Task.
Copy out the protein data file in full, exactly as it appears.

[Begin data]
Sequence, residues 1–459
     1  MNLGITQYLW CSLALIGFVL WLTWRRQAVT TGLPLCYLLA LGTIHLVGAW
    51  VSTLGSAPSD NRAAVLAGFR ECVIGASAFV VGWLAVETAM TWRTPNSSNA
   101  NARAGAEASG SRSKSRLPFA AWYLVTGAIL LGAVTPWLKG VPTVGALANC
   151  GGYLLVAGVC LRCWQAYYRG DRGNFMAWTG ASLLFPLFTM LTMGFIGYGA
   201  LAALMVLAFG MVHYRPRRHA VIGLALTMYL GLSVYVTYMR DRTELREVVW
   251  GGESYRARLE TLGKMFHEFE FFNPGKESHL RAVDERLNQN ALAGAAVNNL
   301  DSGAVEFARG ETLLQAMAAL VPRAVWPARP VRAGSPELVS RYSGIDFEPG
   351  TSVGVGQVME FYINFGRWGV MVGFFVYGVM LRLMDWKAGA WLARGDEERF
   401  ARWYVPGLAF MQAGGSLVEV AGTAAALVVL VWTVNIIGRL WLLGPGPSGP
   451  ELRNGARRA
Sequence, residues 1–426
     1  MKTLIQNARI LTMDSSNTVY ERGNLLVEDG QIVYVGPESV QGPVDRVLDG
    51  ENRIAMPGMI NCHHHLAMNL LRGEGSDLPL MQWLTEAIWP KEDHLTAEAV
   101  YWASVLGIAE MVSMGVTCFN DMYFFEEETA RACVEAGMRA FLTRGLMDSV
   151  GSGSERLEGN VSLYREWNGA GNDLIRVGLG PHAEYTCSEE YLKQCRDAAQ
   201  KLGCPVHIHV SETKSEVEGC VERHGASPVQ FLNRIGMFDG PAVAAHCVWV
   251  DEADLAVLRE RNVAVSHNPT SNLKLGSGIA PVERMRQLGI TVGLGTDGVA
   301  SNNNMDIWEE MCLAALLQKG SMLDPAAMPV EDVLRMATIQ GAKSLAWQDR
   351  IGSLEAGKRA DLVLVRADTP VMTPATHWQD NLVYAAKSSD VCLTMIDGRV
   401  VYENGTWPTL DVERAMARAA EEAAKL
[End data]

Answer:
Sequence, residues 1–459
     1  MNLGITQYLW CSLALIGFVL WLTWRRQAVT TGLPLCYLLA LGTIHLVGAW
    51  VSTLGSAPSD NRAAVLAGFR ECVIGASAFV VGWLAVETAM TWRTPNSSNA
   101  NARAGAEASG SRSKSRLPFA AWYLVTGAIL LGAVTPWLKG VPTVGALANC
   151  GGYLLVAGVC LRCWQAYYRG DRGNFMAWTG ASLLFPLFTM LTMGFIGYGA
   201  LAALMVLAFG MVHYRPRRHA VIGLALTMYL GLSVYVTYMR DRTELREVVW
   251  GGESYRARLE TLGKMFHEFE FFNPGKESHL RAVDERLNQN ALAGAAVNNL
   301  DSGAVEFARG ETLLQAMAAL VPRAVWPARP VRAGSPELVS RYSGIDFEPG
   351  TSVGVGQVME FYINFGRWGV MVGFFVYGVM LRLMDWKAGA WLARGDEERF
   401  ARWYVPGLAF MQAGGSLVEV AGTAAALVVL VWTVNIIGRL WLLGPGPSGP
   451  ELRNGARRA
Sequence, residues 1–426
     1  MKTLIQNARI LTMDSSNTVY ERGNLLVEDG QIVYVGPESV QGPVDRVLDG
    51  ENRIAMPGMI NCHHHLAMNL LRGEGSDLPL MQWLTEAIWP KEDHLTAEAV
   101  YWASVLGIAE MVSMGVTCFN DMYFFEEETA RACVEAGMRA FLTRGLMDSV
   151  GSGSERLEGN VSLYREWNGA GNDLIRVGLG PHAEYTCSEE YLKQCRDAAQ
   201  KLGCPVHIHV SETKSEVEGC VERHGASPVQ FLNRIGMFDG PAVAAHCVWV
   251  DEADLAVLRE RNVAVSHNPT SNLKLGSGIA PVERMRQLGI TVGLGTDGVA
   301  SNNNMDIWEE MCLAALLQKG SMLDPAAMPV EDVLRMATIQ GAKSLAWQDR
   351  IGSLEAGKRA DLVLVRADTP VMTPATHWQD NLVYAAKSSD VCLTMIDGRV
   401  VYENGTWPTL DVERAMARAA EEAAKL